Emerson, Oliver. “Legends of Cain, Especially in Old and Middle English.” PMLA 21 (1906): 831-929. Emerson, true to his title, provides an exhaustive catalogue of Cain’s appearances in Old and Middle English literature. He pays particular attention to early Christian writings and Jewish lore “in accounting for legendary additions” to the tradition outlined in the Bible (832). While his article is far too long to fairly summarize for the purposes of this paper, Emerson’s contribution is quite valuable for its examination of the medieval connections between Cain and the devil, Cain and giants, and even Cain and the man in the moon. Of the material directly bearing on Beowulf, the examination of the grammar and syntax of lines 104-114 is especially provocative; Emerson argues that the “wonsælig wer” of line 104 refers not to Grendel, as normally translated, but to Cain (865-866). The issues of translation and punctuation in these lines have a direct bearing on how one understands the spiritual and corporeal nature, as well as the actual or figurative genealogy, of Grendel and his mother in the poem. Emerson asserts that the vocabulary used to describe Grendel and his mother in Beowulf is strikingly similar to that used to depict devils in “Genesis, the Complaint of the Fallen Angels, and [other Anglo-Saxon poems]” (881). Thus “there can be no reasonable doubt . . . that the Beowulf poet intended them in this sense” (881). Furthermore, the “connection of the giants with Cain was common medieval tradition” (904), Emerson argues, and this connection sheds “unmistakable” light on the relevant passages in Beowulf (904).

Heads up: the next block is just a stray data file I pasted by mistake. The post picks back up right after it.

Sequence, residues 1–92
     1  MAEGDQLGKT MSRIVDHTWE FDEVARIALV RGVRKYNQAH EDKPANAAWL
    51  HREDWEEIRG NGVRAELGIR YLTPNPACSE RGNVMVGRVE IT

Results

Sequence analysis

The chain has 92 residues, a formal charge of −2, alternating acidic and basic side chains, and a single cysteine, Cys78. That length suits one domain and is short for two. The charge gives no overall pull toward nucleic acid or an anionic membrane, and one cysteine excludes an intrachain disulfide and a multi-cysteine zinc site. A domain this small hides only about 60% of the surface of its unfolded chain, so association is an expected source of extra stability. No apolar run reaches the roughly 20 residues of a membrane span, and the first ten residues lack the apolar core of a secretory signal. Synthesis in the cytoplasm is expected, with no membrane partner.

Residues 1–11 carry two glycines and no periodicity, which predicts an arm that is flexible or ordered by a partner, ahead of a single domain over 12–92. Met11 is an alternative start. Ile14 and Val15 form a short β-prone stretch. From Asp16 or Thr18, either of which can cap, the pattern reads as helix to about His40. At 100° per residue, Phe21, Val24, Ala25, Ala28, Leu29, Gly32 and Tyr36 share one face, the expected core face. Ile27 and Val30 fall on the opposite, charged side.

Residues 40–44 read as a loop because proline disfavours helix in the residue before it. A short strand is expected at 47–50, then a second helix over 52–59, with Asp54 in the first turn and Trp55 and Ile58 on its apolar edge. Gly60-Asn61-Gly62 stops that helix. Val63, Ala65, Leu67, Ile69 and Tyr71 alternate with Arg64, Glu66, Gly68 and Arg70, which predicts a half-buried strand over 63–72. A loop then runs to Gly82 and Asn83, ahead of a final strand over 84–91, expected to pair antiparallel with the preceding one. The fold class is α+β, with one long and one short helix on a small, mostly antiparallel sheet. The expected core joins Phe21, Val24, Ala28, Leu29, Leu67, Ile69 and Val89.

Feldman, Thalia Phillies. “Grendel and Cain’s Descendants.” Literary Onomastics Studies 8 (1981): 71-87. Feldman examines the Beowulf-poet’s terminology to argue that the kin of Cain in the poem should be read as essentially human rather than dismissed simply as demonic monsters. She claims, “In contrast to the Germanic fifelcyn, the scriptural descendants of Cain remained entirely human” (73), but in Beowulf the fifelcyn are subsumed into the Cainite tradition and should be read as “untutored” and “brutish” “fools” rather than as “monsters” or “devils” (74). Moral ignorance rather than unremitting evil characterize these poetic descendants of Cain; generations of scholars have elided this important difference by translating such terms as untydre with a “Christological, moralistic overlay” that is unwarranted in the original language (75). Rather than reading it as “Christian allegory” or as “thoroughly pagan” (71), we should understand the poem as an amalgamation of Norse and classical ideas of monsters, and read Grendel as an “epic foe” at war with the established social order (80). “There is nothing Christian” about Cain’s descendants in the Beowulf-poet’s treatment of them (83), and Grendel should be understood as a human descendant of Cain rather than a Christian devil.
Mellinkoff, Ruth. “Cain’s Monstrous Progeny in Beowulf: Part I, Noachic Tradition.” ASE 8 (1979): 143-62. Mellinkoff uses contemporary scholarship on the Dead Sea Scrolls to argue for a more or less direct influence of the Noachic segments of the Book of Enoch on the Beowulf-poet’s treatment of Cain and his kin. Positing a surviving oral tradition rather than a direct manuscript source, Mellinkoff argues that the Beowulf-poet’s treatment of the legend of Cain’s post-Diluvian offspring illustrates imaginative “freedom not available to a theologian in an exegetical exercise” (161). Thus the poet is untroubled by what seems to be a “curious conflation of both major traditions” surrounding the kin of Cain and the “sons of God” in Genesis (148).